Egg donation

I’ve been thinking for a while now about donating some eggs. I don’t mean as a weird raffle prize or anything, I’m talking my actual eggs. Part of me. From my ovaries. You get the picture.

I’ve never had any trouble getting pregnant, even at times when I didn’t really mean to. First time round, at 16, it obviously wasn’t planned. The second time, it was a conscious choice, but I remember it more as a ‘yeah, having a baby might be quite nice to do at some point, let’s see what happens…’ sort of decision. A bit like considering a weekend at Centre Parcs. A few weeks off the pill though and bam. Baby on board.

Because motherhood has come so easily (and unexpectedly), I’ve never felt overwhelmed by any particular maternal urges. I’ve never really wanted babies. Sure, I love them and all that, and I’m not completely adverse to the idea of more at some point, but I have never longed for them. I have never looked at other pregnant women and envied them. I have never waited expectantly all month, willing my period not to arrive. I have never held a baby and felt my heart break because I don’t have one of my own. I imagine though that all those things would really suck after a while.

As well as apparently being ridiculously fertile, I do think I make really good babies. I know, everyone would say that about their own kids, but they are pretty. They’re nice too. And clever. And funny. What’s not to love?

So for a few years now I’ve been thinking about how lucky I am to have children, to have never even had to try, and how awful it must be not to be able to just think ‘Oh go on then..’ and pop out a baby. Being fairly generous by nature, I feel I should share.

The whole process of donating eggs is similar to going through IVF treatment – you get lots of hormones to stimulate egg production, then the eggs get ‘retrieved’. Obviously I won’t think too much for now about what ‘retrieval’ might involve, especially with my elusive cervix. Of course it isn’t ideal to pump yourself full of hormones, but it’s only temporary, and surely it’s nothing really compared to how it must feel to know you can’t have children of your own?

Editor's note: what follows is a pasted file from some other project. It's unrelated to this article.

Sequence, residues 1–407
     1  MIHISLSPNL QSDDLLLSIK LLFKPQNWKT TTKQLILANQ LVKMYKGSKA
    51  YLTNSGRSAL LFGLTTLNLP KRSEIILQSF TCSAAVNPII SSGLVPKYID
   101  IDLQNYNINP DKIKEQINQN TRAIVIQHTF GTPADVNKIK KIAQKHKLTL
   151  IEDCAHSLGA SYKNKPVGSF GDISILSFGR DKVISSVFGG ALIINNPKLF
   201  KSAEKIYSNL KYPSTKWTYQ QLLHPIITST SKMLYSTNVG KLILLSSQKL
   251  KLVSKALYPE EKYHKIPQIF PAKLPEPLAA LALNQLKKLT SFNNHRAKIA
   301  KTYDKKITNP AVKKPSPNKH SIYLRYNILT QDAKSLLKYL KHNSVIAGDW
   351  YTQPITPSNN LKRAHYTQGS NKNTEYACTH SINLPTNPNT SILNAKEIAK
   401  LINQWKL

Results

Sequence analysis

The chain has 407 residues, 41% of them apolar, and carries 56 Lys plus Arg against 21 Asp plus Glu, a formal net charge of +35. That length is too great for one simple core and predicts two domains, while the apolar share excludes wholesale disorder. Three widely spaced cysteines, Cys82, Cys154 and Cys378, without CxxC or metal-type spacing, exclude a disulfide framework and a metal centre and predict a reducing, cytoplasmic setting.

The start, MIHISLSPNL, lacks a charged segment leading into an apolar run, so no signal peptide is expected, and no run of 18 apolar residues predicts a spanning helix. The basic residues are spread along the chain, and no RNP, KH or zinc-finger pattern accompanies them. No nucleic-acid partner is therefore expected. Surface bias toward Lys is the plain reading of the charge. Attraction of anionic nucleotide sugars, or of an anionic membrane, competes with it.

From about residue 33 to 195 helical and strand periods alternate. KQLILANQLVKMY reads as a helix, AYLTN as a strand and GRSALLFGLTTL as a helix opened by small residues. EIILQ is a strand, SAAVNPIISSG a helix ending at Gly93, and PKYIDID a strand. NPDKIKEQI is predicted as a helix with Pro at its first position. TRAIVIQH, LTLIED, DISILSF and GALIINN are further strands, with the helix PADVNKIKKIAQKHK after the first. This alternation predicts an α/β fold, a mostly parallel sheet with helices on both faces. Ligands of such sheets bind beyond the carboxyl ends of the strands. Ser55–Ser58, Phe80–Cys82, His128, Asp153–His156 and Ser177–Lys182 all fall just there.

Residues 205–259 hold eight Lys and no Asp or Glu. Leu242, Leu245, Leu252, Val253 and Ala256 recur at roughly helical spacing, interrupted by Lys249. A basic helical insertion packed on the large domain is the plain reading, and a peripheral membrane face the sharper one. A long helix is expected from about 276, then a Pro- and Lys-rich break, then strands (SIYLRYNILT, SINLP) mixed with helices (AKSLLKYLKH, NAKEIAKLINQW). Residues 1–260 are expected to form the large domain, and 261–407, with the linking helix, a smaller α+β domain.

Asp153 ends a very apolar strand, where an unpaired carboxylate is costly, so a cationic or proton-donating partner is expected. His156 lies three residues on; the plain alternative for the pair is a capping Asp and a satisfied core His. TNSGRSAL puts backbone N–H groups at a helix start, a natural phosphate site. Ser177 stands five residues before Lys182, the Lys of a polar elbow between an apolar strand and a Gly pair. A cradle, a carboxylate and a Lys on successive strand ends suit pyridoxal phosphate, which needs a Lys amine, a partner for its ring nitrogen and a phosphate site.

Bee isn’t keen. She doesn’t like the idea of technically having half-siblings roaming the country without her knowing about them. I think she’s worried she’ll accidentally marry one of them or something. I can understand her concerns of course, especially at the age she is. Being a teenager is very much about establishing your identity, and part of that I suppose is thinking about where you come from, and your place in a family.

Personally, I’m confident that I wouldn’t think of any potential baby as ‘my child’. Yes, it would have half my DNA, but what really does that mean? Aside from perhaps giving it a tendency towards overeating and arranging things in colour order, that baby would be a product of its upbringing, the values and attitudes instilled in it by its parents, a mish-mash of experiences, lessons learnt, and relationships with the people it grows up with. It wouldn’t be me.

What do you think? Am I crazy to consider it, or could it be a fantastic gift to give? Can nurture really overcome nature, or would that child always be ‘mine’?



  1. 24 November, 2010 / 2:45 pm

    I’ve actually been thinking the same kind of thing for a while, I just worry that perhaps my genetic material wouldn’t be “good” enough :(

    • 24 November, 2010 / 3:02 pm

      Ahhh! Don’t think that! I’m sure your genetic material would be awesome :-)

  2. 24 November, 2010 / 2:56 pm

    I have thought about it too. I too am fertile myrtle and don’t want anymore kids myself…why can’t someone else have them. I just don’t know if it came down to taking my eggs how I would feel then. It’s easy to talk about. I have friends who have used donor eggs and they are very lucky because now they have children that they never would have had. I kind of think the good outweighs the bad- it’s not like you actually birthed a child- your eggs might never get used, or might never fertilize and you would NEVER know!